Trees are Trees – Thoughts on the Goodness of Creation


I am taking a break in my series on Global Voices to share two short articles I wrote for the Evangelical Environmental Network. 

An intersection in north Spokane was once surrounded by tall Ponderosa pines. I always loved arriving at this intersection. It gave me the feel of being on a forest service road deep in the woods. One day several large, yellow pieces of earth moving equipment arrived and over the following weeks diesel-belching machines managed to bulldoze and dispose of acres of forest. Not one tree was left. This once pine-laden piece of nature became the new home of yet another strip mall.

I shared my disappointment and frustration with a fellow brother in Christ who shrugged off my concerns with the flippant comment, “those are just scrap pines anyway.” I had never heard that term before – scrap pines. It was clear to me however that by giving them this label my friend was able to excuse their destruction.

The idea that we can devalue an item in nature in order to justify our actions brings into question the biblical understanding of the goodness of creation. There are three views that are commonly offered as ways of understanding what God meant when he pronounced all of creation as “very good.”

The first, “human–centered” view states that because humanity is the crown of creation, the goodness of the created world lies solely in its usefulness for our happiness. This view is usually supported by three legs.  The first is an interpretation of God’s command to the first couple to “rule over and subdue” as a license to exploit and dominate an earth whose sole purpose is to supply us with all of our needs and wants. The second is an eschatology that holds that the entire earth will ultimately be destroyed. Why then would we work to conserve and preserve that which God will burn up in his wrath at the second coming? The third is a Platonic view that believes that material things are inherently evil, and so our focus should be only on the individual, ‘spiritual’ soul.  These three legs have provided a stool that has propped up a broad section of conservative Christianity with a justification to ignore the responsibility to care for creation.

The second view takes us to the opposite extreme. Liberal theology and neo-paganist thought weakens (or obliterates) the distinction between God’s being and God’s creation, thereby blurring the distinctiveness between Creator and creation. What results is the idea of an inherent goodness in creation that borders on a pseudo-divinity. This “divine in creation” view results in either a process theology where God’s fate is wholly tied to the world’s fate; a new form of panentheism, where God’s divinity indwells all creation; or a return to an ecological deism, where God is so transcendent that all we can ever have of God is the creation itself.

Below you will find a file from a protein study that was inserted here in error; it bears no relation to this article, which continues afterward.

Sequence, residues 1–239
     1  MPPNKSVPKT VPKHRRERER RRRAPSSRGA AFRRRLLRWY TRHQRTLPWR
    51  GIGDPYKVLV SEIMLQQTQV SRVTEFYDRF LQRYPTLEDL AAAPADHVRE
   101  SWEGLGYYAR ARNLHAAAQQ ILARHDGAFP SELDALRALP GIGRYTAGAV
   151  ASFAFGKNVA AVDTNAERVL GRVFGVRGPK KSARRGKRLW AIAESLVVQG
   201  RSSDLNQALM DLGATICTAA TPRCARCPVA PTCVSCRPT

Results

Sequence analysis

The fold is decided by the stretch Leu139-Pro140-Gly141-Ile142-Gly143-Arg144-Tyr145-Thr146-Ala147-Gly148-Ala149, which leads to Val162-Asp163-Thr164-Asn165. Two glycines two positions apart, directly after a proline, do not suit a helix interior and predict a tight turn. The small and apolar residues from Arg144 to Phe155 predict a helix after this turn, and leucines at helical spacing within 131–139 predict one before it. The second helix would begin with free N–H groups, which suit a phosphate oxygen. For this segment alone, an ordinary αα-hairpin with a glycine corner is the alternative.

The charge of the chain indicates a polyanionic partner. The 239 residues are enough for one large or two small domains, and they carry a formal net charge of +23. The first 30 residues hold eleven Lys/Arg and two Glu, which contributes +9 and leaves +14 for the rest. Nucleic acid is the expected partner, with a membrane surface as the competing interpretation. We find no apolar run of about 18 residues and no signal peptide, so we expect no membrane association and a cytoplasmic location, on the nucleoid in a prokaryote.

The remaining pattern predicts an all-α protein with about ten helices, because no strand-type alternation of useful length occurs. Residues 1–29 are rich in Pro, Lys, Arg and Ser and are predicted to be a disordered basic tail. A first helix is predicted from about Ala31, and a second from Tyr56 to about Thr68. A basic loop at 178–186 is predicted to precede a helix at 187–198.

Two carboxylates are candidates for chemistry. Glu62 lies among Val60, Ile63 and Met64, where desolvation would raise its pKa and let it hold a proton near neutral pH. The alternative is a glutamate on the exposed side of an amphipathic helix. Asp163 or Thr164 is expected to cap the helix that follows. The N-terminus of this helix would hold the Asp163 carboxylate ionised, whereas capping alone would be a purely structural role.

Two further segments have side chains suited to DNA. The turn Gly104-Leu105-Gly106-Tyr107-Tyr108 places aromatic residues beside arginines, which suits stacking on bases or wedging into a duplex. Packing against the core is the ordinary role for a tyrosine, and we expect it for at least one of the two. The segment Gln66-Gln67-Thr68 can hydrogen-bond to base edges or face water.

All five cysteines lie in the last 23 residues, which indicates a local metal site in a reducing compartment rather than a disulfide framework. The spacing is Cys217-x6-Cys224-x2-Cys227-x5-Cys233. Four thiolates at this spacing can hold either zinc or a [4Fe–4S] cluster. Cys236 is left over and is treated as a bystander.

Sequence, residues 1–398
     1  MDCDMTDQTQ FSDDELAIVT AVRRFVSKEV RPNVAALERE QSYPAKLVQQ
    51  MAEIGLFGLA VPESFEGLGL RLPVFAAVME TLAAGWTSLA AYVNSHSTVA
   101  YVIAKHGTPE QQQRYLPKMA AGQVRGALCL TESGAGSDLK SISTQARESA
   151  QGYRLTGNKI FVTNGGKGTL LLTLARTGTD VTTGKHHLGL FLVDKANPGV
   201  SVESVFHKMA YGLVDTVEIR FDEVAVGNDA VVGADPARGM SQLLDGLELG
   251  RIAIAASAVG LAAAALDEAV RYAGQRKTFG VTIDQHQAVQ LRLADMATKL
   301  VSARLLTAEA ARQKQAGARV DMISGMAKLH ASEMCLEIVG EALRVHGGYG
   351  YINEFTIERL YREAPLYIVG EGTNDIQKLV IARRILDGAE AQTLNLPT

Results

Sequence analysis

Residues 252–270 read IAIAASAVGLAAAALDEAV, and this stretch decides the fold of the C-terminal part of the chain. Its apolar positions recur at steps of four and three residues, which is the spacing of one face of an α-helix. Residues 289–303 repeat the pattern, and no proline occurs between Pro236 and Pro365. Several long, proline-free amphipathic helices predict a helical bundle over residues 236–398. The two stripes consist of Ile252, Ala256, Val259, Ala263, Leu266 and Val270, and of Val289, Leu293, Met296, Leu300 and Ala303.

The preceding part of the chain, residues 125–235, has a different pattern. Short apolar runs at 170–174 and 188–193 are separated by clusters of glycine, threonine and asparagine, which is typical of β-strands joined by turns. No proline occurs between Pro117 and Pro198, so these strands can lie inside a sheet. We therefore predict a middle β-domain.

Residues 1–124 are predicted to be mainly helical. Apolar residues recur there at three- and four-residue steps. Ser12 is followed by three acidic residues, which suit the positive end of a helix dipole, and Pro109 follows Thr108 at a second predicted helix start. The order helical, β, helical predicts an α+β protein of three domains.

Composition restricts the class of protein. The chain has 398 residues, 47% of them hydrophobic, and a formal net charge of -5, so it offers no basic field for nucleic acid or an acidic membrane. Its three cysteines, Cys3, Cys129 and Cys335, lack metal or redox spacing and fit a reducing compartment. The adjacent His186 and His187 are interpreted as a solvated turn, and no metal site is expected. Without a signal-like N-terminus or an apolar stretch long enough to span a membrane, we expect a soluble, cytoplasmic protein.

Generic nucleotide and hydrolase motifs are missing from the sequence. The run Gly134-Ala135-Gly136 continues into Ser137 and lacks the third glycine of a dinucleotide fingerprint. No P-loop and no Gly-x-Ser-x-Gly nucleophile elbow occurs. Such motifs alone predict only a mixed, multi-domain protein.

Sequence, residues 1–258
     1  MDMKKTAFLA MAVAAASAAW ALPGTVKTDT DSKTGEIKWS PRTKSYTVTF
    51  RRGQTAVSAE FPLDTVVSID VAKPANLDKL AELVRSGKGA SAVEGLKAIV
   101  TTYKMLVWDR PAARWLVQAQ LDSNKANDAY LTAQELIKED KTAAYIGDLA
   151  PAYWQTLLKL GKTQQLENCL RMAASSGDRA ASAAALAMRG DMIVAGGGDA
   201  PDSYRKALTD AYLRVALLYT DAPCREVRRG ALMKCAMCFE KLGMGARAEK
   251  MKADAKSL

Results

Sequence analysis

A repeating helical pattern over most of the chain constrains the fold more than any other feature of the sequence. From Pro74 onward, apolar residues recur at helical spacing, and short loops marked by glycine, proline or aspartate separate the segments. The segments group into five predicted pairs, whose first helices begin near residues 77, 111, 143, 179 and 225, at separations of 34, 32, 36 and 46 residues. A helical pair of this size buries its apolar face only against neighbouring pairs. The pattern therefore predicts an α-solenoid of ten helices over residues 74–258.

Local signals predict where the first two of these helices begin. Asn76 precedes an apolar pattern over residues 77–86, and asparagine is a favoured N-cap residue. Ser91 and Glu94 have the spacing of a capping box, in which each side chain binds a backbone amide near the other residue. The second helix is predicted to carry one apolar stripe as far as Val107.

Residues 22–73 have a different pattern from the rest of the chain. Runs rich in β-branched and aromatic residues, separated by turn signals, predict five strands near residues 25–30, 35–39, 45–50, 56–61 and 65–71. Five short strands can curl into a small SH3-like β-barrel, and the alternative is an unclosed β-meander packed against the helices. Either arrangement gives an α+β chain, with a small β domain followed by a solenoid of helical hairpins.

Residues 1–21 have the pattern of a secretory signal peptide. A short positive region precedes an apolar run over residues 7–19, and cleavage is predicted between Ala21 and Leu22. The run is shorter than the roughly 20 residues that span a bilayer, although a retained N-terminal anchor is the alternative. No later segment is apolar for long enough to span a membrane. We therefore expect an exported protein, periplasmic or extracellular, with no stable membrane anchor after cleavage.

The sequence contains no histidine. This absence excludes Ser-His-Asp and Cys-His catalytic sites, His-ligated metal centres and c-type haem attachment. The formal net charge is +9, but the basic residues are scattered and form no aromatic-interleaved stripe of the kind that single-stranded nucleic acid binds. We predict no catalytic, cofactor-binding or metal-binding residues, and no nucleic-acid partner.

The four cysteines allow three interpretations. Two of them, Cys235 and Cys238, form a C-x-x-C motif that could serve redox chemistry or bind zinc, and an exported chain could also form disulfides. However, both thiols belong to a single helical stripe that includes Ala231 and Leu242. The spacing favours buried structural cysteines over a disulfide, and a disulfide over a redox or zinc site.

These two views force us to either find creation’s goodness only in its usefulness to humans, or believe that creation carries its own divinity that should inspire our adoration and worship. We would offer a third view.  The “pronouncement” view holds that all of creation is good because God declared it as such. Creation does not need to be a part of God in order to carry the seal of God’s divine approval and good pleasure. Neither does its distinction from God necessarily relegate it to a human-centered utilitarianism. After each episode of creating, God considered what he had done and pronounced it ‘good’. His creating action brought him great pleasure and profound joy.

God’s pronouncement of goodness on his creation is of extreme importance. God is creating something completely distinct from himself, and as such it carries no inherent goodness of its own. The value of what God created lay in the balance until God, who in his very nature is pure goodness, bestowed that goodness on it. Nature stands in need of the once and ongoing pronouncement of goodness by the God who created it, sustains it, and continues to take delight in it.

The very fact that the goodness of creation is continually bestowed upon it by its Creator places upon us a huge responsibility. When we look on nature we look on that which delights the heart of God to such an extent that it dwells under his unceasing decree of goodness. And in response, “The heavens declare the glory of God.” (Psalm 19:1)

We can conclude that my north Spokane trees are neither disposable resources to be used for our pleasure, nor are they dwelling places of the divine.  Trees are trees, and, like all of creation, their goodness comes from God alone.  We are creation’s stewards, its caretakers, and we must therefore also be its humble and grateful users. The pronouncement view has substantial implications for both our use of creation and our responsibility to care for it. For it reminds us that every atom and molecule bears witness to the sustaining grace and continuing delight of the God who originally pronounced all creation good and daily reminds us that it will always be so in his eyes.